“So,” Sunburst began casually. “What do you think is going to be?”
“I know that.” He mutters. “I wasn’t asking about gender…though I’m still betting on a girl.”
They weren’t betting anything substantial, except the right to brag about it in the future. They had missed their window to find out via ultrasound, but Starlight didn’t really care. This baby had been a total surprise to begin with, why not add the gender to the list?
“Hmm, really?” She turns back to the book, a smile still on her face, and flips a page; feeling not so much ignorant as happily tormenting.
Her boyfriend frowns and plops next to her on the couch, she doesn’t look up from her book as she tilts sideways to use his shoulder as pillow, curling to his side with ease.
“C’mon, not even a hint?” He tries again, slugging a foreleg over her shoulder and pulling her close, nuzzling her cheek in a way that usually makes her melt and give in to whatever he wants.
Then he does something even more underhanded. He presents her with a plate of garlic mushrooms, dipped in custard with a side of horseradish. Her eyes zero in at the steaming plate of food, her hunger and cravings coming in with a vengeance, the book forgotten on top of her growing stomach.
“Not even for this?”
She glances at his face, and he wiggles his eyebrows suggestively, pushing the plate closer to her nose. Oh, he’s devious when he wants to be, and she wonders if he learned it from her or is it a skill he always been capable of, hidden under the layers of his good nature. But she’s stubborn, and much better at being deceitful than he is (even if she uses her talents for good now) and doesn’t give in to his persuasion.
Instead she smiles sweetly and sighs, Sunburst perks up and his guard drops as he eagerly listens. One minute he’s looking at his girlfriend’s gentle expression and the next he’s dropped, upside down, on the recliner chair. The momentum springs the chair open and hits him on the back of the head, sending his glasses askew.
“And spoil the surprise?” She chirps, giving him a wink and takes a bite of the delicious food. “No way, nice try though and thanks for the food.”
She can see him pouting from where he’s lying on the couch and her smile widens.
He wants to know if there’s a unicorn, a pegasus, or an earth pony growing beneath her skin. All three were equally possible, considering how diverse both their family trees are: for example, her grandmother had been an earth pony and one of Sunburst’s aunts is a pegasus. She’s sure if she asks her dad, he would come up with a detailed family tree of both their families and find more than just unicorns in their branches.
But as for her own child, she knows the answer; she can feel the gradual lump of magic forming within her. Which would explain her tiredness as of late, the little one had to get its magic from somewhere. She just hasn’t told him. She’s wondering if she should.
The thing about giving birth to a unicorn is that infants don’t have control over their magic. Once, Rarity had spoken of her younger sister, who would have random bursts of magic even when she was in the womb, causing her poor mother a bunch of medical problems she suffers to this day.
But either race had its ordeals she supposed. Like Scootaloo’s wing deformation —for example— was caused by being born three months premature, usually a pegasi gestation was longer than the other two races, considering the extra pair of limbs they had to grow. Or the fact that Apple Bloom’s mother, who had been having a home birth—as was the tradition in the Apple family—had to be rushed to the emergency room, when the umbilical cord had wrapped around the baby’s throat and slowly started suffocating her from the inside.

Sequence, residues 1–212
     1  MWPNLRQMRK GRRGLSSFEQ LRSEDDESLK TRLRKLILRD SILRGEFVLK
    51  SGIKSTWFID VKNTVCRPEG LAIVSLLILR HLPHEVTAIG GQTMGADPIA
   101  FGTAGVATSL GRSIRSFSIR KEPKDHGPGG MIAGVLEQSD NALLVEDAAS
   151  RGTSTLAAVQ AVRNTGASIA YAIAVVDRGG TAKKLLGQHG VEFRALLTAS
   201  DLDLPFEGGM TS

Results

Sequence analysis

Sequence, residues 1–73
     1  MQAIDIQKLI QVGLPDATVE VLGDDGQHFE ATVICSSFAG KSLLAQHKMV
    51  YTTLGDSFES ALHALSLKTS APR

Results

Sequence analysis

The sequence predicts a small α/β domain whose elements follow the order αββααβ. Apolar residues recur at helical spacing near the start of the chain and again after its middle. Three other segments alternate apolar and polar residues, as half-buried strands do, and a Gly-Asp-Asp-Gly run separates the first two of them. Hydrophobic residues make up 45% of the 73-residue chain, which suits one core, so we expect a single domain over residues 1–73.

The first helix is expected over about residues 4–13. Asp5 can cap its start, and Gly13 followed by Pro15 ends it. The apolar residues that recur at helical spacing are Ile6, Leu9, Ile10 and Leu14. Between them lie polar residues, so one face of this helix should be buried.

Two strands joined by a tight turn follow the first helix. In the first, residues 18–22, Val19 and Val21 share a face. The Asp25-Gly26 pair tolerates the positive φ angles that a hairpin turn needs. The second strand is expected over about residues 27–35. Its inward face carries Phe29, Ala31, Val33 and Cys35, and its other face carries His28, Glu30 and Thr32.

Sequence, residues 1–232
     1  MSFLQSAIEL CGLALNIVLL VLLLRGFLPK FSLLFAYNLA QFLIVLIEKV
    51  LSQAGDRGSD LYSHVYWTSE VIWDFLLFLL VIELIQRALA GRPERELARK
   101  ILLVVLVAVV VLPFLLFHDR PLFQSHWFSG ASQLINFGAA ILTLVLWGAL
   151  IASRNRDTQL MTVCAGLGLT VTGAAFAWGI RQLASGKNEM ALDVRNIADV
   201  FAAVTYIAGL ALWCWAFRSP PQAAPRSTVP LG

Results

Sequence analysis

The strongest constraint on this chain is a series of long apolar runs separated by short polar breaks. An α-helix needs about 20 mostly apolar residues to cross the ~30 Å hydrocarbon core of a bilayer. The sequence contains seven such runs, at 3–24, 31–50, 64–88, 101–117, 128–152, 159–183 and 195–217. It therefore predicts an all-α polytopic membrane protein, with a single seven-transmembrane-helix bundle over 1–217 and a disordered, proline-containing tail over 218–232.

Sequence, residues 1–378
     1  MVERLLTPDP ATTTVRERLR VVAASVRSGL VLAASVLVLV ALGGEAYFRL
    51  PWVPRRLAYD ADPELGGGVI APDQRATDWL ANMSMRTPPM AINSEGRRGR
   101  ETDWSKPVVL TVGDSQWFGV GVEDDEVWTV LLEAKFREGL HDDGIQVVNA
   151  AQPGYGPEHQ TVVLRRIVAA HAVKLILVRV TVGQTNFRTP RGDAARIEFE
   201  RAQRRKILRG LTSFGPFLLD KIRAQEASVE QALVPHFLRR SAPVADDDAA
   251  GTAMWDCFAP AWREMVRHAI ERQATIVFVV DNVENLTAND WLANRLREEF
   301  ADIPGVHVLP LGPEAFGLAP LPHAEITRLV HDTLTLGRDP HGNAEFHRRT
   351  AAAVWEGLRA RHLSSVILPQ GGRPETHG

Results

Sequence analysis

They were the kinds of stories that she knows Sunburst will go insane with worry over, because it makes her worry too. Reading all these maternity books, speaking to other mothers and their experiences with birth, sent her imagination into overdrive. A lot could go wrong, even with all the magic and medical advances at their disposal, there was always a chance—a slim chance, but a chance—that things could go south. Giving birth is a dangerous ordeal and she doesn’t want to think about it, so she doesn’t. She does what she does best and ignores those fears, because they’re unfounded.
The doctor tells her that the baby is healthy and Starlight feels fine, so there’s nothing to worry about.
Even though Sunburst been pretty cute with all the fawning over her pregnant-ness (because “pregnancy” sounds too old, and she’s not that old), it gets annoying. It’s not worth it to tell him. Bad enough that he’s trying to get her on maternity leave when she was still perfectly mobile, her stomach just barely beginning to show. If she tells him, he might find a way to keep her from going shopping, or maybe from moving at all.
Which is silly, and the rational part of her admits that no, he wouldn’t try to be that controlling. It sounds more like something out of a romance novel than real life, though that might have something to do with all the flimsy paperbacks with titles like What it Means to Love that she’s been reading lately.
Totally only because they’re so bad they’re good, so she can pass her time between chores and relax, because sometimes she wants to read something stupid and corny, and no she doesn’t actually enjoy reading these cheesy romance scenes and she certainly doesn’t imagine Sunburst doing any of that crap for her because she’s not an angsty teenager anymore dammit!
So yeah. No telling Sunburst. For now. He’ll figure it out himself…eventually. Probably. Maybe.